For the first time since 1999, Americans have seen an increase in the amount of money in their pockets.
The nation's real median income was up 1.1 percent from 2004 to 2005, reaching more than $46,000, the US Census Bureau reported Tuesday. That's about $500 more than last year.
At the same time, the poverty rate has stabilized, after ticking upward for several years.
The numbers are an indication that the benefits of the economic recovery are finally reaching some in the middle class, economists say, even as they acknowledge that large income disparities among Americans remain.
"As this economic expansion has matured, wage pressures have increased and more is going out to labor," says Anthony Chan, chief economist of JPMorgan Private Client Services in New York. "But we must understand that labor has been squeezed and profit margins have gotten wider. This is not just a result of domestic forces, but mostly due to global forces that in most instances are beyond anyone's control."
Critics note that the middle class is still lagging economically from where it was in 2000, when the median household income was $47,599. That's about $1,300 more than today's median income, or about 3 percent higher. That long-term drop in income came even as productivity growth shot up 17 percent.
"While we certainly applaud the median household getting ahead, it's a day late and a dollar short," says Jared Bernstein, director of the Living Standards Program at the Economic Policy Institute, a nonprofit, nonpartisan think tank in Washington. "You've got to ask yourself, compared to what? A percentage point real gain at this stage of the recovery, which has been stellar in productivity terms, is indicative of a pretty unbalanced recovery."
Poverty rate stabilizes
The Census data also show the poverty rate has stabilized over the past year at about 12 percent.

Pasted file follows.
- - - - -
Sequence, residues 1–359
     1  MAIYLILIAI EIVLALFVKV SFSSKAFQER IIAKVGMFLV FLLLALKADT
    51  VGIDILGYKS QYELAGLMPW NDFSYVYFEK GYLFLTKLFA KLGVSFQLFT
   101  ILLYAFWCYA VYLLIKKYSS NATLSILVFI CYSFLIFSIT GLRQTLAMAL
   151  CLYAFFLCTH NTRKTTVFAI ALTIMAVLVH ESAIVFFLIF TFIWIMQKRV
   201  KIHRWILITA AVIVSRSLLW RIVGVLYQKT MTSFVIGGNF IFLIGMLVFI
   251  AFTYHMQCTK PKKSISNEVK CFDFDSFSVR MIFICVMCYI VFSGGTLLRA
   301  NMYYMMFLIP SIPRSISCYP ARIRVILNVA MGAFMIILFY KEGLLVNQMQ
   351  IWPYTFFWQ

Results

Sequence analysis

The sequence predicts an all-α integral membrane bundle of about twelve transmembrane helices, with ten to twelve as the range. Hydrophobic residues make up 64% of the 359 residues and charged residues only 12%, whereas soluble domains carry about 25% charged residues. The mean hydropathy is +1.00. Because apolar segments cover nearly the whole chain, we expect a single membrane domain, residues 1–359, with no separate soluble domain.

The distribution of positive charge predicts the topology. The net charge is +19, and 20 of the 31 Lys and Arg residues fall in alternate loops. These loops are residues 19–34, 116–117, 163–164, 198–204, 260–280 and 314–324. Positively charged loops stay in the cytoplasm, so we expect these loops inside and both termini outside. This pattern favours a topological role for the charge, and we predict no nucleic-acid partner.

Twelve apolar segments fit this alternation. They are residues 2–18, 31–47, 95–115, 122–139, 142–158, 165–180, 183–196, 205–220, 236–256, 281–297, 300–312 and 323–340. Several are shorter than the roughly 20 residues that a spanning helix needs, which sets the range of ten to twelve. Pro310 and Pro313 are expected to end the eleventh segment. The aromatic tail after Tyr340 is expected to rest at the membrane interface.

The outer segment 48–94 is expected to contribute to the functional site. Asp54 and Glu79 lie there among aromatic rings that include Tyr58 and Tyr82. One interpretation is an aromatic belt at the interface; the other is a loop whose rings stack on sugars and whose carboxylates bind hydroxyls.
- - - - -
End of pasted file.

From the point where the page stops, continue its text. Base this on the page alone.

But an analysis of Census data reveals no virtually no change in the mean income of the bottom 20 percent of income earners over the past 10 years, while those in the top 20 percent saw their incomes increase by 15 percent.
"It says for a long period we have been in an economy where economic growth is not trickling down to the poor," says Sheldon Danziger, a professor of public policy at the University of Michigan in Ann Arbor and co-director of the National Poverty Center. "The good news is poverty didn't go up, but the last time we really got significant drops in poverty was during the economic boom that ended with the recession of 2001."
Another indication of the middle- and working-class economic squeeze is found in the health-insurance data, also released Tuesday by the Census Bureau. The number of people without health insurance in 2005 increased to 46.6 million from 45.3 million the year before. That means that almost 16 percent of Americans don't have health insurance. In 1987, about 13 percent were uninsured.
"It's terrible what's going on. We've added almost 7 million people to the ranks of the uninsured in the last five years," says Dr. Henry Simmons, president of the National Coalition on Health Care in Washington. "We're on a very frightening course, and the problem is worse than the report indicates, because people are paying more out of pocket and getting less coverage."
The Census data found that the percentage of people who got health-insurance coverage through their employers dropped from 2004 to 2005, from 59.8 percent to 59.5 percent. At the same time, the number of people covered by government insurance programs like Medicare and Medicaid rose to 80.2 million, from 79.4 million. But that increase didn't change the share of people covered by the government. That remained steady at 27.3 percent.
The greatest increase among the uninsured was among working adults. Almost 1 million more working people ages 18 to 64 were without health coverage in 2005, bringing the number to 27.3 million. The Census data underscore the challenges the deteriorating healthcare system present to many middle-income Americans, healthcare analysts say. A survey by the Commonwealth Fund earlier this month found: "Three-quarters of working-age adults say the healthcare system needs either fundamental change or complete rebuilding. Just 20 percent said only minor changes are needed."